This Vintage Tootsie Roll Advertisement reminded me of those days, so for today's post I thought I'd post a recipe for Home-made Tootsie Rolls. I've tried several different recipes, and you might want to search the web for others. Paula Deen has one that has orange extract in it, but this recipe is my favorite. These are perfect for Halloween! You can wrap them individually in orange wrappers!

This recipe makes 80 -100 tootsie rolls, but you can roll them out bigger and cut them longer. Remember the 5 cent Tootsie Roll?

As always the brand of chocolate will make a difference. You also might want to substitute 1/2 cup DARK cocoa powder for the unsweetened chocolate. In that case, sift with the dry milk.

Powdered milk, by the way, is not instant milk powder, it's dehydrated milk. Hope you can find it.

I also sift the flour. Not sure if it's necessary, but old habits die hard.

This recipe is adapted slightly from Elizabeth LaBau at

2 oz unsweetened chocolate, chopped
1/2 cup light corn syrup
2 tbsp softened butter
3/4 cup powdered milk (not instant.. see note above)
1 tsp Madagascar vanilla extract
2-3 cups powdered sugar (sifted)

1. Melt chocolate in large microwave-safe bowl or in a double boiler over simmering water.
2. Once chocolate is melted and smooth, stir in corn syrup and butter, stirring until butter is melted. Stir in powdered milk and vanilla extract.
3. Add cup of powdered sugar and stir until incorporated. Once that sugar is mixed in, add second cup of powdered sugar and stir to mix. Dough will be getting stiff and might be difficult to stir more powdered sugar into candy.
 4. Dust work surface with powdered sugar and knead the candy until smooth. If still very soft, knead in more powdered sugar until firm but not dry or crumbly. You might need up to 3 cups of powdered sugar total.
5. Once Tootsie Roll candy is smooth and firm but supple texture, break off palm-sized piece and roll into long, thin rope. Using sharp knife, cut it into small pieces and place on baking sheet. Repeat until you have formed all of Tootsie Roll dough into small pieces. Depending on size of rolls, you should get 80-100 pieces.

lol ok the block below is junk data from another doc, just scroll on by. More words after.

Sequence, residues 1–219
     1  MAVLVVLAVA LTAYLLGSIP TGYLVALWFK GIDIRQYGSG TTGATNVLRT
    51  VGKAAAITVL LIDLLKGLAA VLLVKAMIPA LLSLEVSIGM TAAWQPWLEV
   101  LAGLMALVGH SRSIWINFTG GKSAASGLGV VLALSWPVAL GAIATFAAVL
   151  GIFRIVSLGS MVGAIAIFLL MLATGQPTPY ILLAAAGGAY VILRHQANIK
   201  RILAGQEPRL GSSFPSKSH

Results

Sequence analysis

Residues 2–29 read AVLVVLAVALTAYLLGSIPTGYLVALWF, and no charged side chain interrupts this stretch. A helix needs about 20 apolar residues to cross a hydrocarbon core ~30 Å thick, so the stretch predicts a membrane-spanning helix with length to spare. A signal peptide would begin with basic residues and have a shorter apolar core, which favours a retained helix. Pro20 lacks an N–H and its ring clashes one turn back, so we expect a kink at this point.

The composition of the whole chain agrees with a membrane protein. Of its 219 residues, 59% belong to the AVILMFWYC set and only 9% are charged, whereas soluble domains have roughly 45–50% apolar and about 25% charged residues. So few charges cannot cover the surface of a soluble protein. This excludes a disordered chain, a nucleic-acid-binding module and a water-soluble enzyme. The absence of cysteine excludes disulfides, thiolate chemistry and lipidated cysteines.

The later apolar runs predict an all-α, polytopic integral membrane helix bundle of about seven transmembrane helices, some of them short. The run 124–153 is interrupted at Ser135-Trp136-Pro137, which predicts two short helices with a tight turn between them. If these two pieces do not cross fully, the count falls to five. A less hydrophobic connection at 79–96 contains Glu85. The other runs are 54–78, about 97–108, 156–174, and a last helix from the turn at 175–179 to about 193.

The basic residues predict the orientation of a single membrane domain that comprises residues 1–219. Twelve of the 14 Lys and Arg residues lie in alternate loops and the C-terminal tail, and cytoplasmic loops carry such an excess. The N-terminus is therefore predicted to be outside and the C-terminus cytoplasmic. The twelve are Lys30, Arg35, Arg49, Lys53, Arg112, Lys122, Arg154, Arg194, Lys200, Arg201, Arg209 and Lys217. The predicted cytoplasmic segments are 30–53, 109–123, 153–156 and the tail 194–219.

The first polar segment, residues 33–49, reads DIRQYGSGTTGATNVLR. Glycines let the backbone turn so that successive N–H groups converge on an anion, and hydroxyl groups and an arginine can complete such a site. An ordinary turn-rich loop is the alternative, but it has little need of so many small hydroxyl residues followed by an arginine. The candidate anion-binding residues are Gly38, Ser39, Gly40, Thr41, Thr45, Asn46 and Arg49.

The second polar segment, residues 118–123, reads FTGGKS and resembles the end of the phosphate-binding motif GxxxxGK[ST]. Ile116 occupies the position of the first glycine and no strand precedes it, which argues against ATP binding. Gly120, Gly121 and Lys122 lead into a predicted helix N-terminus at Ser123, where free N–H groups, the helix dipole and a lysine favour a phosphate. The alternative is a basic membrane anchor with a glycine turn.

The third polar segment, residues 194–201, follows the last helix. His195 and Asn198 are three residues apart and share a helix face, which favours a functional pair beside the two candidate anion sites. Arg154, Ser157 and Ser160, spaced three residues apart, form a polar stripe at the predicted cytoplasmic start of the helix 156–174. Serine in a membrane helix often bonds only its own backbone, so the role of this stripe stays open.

6. Refrigerate tray of Tootsie Rolls until they firm up, about 1 hour.

Store Tootsie Rolls in an airtight container in refrigerator for up to two weeks.
You can wrap them individually in waxed paper if they start to stick together because of condensation from refrigerator. Bring Tootsie Rolls to room temperature before serving.

Sunday, September 8, 2013

Chocolate Bacon Panini: BBC

International Bacon Day was September 5. Better late than never! Chocolate and Bacon go so well. It's the salty fatty thing of the bacon with the sweetness of the chocolate. What a great pairing!

I've posted several chocolate panini recipes over the years, but this recipe from Vosges is terrific and easy if you're hankering for a BBC: Butter Bacon Chocolate Sandwich! Butter, Bread, Bacon and Chocolate! All the food groups!

Mo’s Milk or Dark Bacon Bar Panini 
from Katrina Markoff's Peace and Love Blog (Vosges)
Yields One Sandwich

Equipment needed: Panini press or waffle iron

2 Italian country bread slices about 4-5 inches wide and 1/2 inch thick
2 tbsp Sea salted butter, French brand, Isigny Ste Mere, or make your own by mixing 1/2 tsp Maldon salt and 2 tbsp of a fabulous butter
Pinch Maldon salt
2 squares Vosges‘ Mo’s Milk or Dark Bacon Bar (dark is better!)
2 strips of crispy bacon (this is optional, but I think you should put it in)

Spread butter on all sides of the bread.
Place bacon bar squares on one piece of bread, followed by strips of bacon if you are using them and a sprinkle of salt.
Place other piece of buttered bread on top and press with Panini press until golden brown.

Make sure your bread doesn’t have many gaping holes or your fillings may seep through and burn.
If you don’t have a Panini press substitute with a waffle iron.
Make sure the bread you use isn’t overly crusty or it may cut your mouth a bit when pressed. At the same time don’t choose a overly soft bread not a good quality sign either and it won’t have the rigidity. Try a crusty ciabatta or italian peasant bread.

Saturday, September 7, 2013

Happy Honey Month! Cartoon of the Day

September is National Honey Month. Here's a great cartoon from my favorite cartoonist:
Hilary Price at Rhymes with Orange. What's your favorite honey?

Friday, September 6, 2013

Coffee Chocolate Ice Cream Pie

Here's a really easy Ice Cream Pie to celebrate Coffee Ice Cream Day! This recipe is adapted from an old recipe in Bon Appetit. You can actually use any ice cream, but since it's National Coffee Ice Cream Day, why not use coffee ice cream?